Two Ways In Which Pandora Is More Radio Than Radio

Written Apr. 8, 2011 by Sean Ross in Content + Internet Radio + Terrestrial Radio with 0 Comments

The release of Tuesday's Infinite Dial report from Edison Research and Arbitron showing that 10% of respondents nationally had listened to Pandora in the previous week, may prompt some extra cognative dissonance for those who feel that time spent with Pandora is coming from the iPod or its predecessors, not from traditional listening to music radio.

I've written recently that trying to separate the time that listeners give to their own music vs. somebody else's is increasingly a fool's errand. If radio TSL is down, it is cold comfort that an iPod might conceivably have lost even more listening. But a few things have convinced me recently that Pandora, for whom Edison does several research projects, belongs in the radio stack, not the "successor to 8-tracks, cassettes, CDs, and iPod" pile.

1) In recent years, those discovering and using Pandora have very much had a shared experience of the sort that radio used to specialize in providing. This was driven home at a recent Country Radio Seminar panel -- a live focus group of "real" radio listeners. It wasn't a very talkative bunch. But when moderator Charlie Cook asked the Pandora listener on the panel to describe it, she snapped to attention, describing it in detail, and in pretty much identical words to anybody else you've ever heard describe the service. With the increased amount of national radio programming, I've been waiting for radio to ramp up its shared experience quotient, creating an Infinite Dial of Musicradio 89 WLS and 77 WABCs for our age. But, clearly, that isn't the only sort of shared experience radio can offer.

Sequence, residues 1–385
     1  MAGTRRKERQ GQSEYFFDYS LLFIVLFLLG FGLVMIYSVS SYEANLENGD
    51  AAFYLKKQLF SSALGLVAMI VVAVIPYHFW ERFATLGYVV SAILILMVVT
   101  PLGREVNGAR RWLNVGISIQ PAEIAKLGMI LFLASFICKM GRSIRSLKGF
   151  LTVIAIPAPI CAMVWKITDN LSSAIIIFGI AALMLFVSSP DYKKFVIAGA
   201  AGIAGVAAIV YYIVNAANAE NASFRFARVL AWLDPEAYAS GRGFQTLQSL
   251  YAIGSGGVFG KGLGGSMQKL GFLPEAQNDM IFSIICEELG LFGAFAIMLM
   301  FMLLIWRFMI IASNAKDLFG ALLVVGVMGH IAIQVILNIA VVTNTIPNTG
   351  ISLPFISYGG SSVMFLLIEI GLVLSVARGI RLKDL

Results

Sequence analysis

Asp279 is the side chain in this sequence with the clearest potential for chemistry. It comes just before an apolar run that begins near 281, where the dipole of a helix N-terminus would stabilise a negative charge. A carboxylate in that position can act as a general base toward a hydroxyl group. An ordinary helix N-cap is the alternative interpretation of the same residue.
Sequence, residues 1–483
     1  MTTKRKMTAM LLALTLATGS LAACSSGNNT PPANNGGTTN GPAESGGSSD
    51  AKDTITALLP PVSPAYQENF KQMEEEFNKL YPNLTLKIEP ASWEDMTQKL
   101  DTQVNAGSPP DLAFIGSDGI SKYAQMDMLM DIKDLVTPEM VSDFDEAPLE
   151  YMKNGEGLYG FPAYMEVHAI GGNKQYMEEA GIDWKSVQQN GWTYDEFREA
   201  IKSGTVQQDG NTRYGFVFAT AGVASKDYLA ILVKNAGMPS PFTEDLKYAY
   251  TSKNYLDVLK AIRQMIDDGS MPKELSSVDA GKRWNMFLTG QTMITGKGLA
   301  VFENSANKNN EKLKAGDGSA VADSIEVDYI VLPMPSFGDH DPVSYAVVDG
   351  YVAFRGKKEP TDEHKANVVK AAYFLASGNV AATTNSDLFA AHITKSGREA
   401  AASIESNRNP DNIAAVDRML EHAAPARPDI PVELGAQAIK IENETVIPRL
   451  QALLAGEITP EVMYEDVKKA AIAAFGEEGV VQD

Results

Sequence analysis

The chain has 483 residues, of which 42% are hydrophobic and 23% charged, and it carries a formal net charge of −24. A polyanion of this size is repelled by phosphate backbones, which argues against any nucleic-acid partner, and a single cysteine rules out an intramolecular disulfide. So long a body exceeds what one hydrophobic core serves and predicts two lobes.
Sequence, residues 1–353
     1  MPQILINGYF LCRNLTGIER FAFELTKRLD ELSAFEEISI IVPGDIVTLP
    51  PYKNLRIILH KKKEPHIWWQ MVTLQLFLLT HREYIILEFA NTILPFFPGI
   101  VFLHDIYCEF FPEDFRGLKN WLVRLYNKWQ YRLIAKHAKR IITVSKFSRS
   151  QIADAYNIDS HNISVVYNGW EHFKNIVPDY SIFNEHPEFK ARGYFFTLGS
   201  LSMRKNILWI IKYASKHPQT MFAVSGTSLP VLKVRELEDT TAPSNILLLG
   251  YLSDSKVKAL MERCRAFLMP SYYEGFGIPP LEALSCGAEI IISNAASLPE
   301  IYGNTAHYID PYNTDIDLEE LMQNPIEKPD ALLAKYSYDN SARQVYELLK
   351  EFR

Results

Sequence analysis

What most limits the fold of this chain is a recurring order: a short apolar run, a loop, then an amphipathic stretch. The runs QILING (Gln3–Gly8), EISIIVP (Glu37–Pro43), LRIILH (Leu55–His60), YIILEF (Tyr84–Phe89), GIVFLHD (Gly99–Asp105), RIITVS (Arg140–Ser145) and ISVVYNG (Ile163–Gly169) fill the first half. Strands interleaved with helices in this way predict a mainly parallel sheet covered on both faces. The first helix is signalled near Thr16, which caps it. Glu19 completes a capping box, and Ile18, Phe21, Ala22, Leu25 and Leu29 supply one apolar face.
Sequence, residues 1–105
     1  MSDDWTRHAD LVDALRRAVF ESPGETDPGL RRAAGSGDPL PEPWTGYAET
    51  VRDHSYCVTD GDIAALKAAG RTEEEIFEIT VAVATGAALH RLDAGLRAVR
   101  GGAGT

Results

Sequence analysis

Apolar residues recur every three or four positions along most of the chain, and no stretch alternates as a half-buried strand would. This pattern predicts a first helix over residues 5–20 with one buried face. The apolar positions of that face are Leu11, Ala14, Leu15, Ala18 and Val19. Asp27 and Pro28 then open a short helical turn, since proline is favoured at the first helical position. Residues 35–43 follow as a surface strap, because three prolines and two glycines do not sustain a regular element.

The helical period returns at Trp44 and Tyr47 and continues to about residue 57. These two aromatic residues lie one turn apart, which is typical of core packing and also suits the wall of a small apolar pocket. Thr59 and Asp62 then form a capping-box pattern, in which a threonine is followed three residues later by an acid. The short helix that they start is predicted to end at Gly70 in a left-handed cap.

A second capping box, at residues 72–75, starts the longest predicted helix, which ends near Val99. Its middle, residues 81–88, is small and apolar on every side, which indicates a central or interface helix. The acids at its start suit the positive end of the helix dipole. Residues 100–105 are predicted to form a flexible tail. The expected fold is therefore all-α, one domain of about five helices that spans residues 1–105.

2) It's been the case for a while that if your Pandora listening starts with a mainstream music choice, it will continue among those lines and may even be a little more conservative and gold-based than what you would hear on a comparable terrestrial radio station. While Pandora's personalization and the ability to skip songs leads some people to think of it as "the other," it's actually the culmination of what many radio programmers have been trying to do for the last 35 years, since listener music research took hold on a large scale: progressively eliminate more and more of the "bad songs." It's just that Pandora users have the advantage of deciding for themselves what the "bad songs" are, even if their own tastes aren't all that different from what 100 respondents typically decide.

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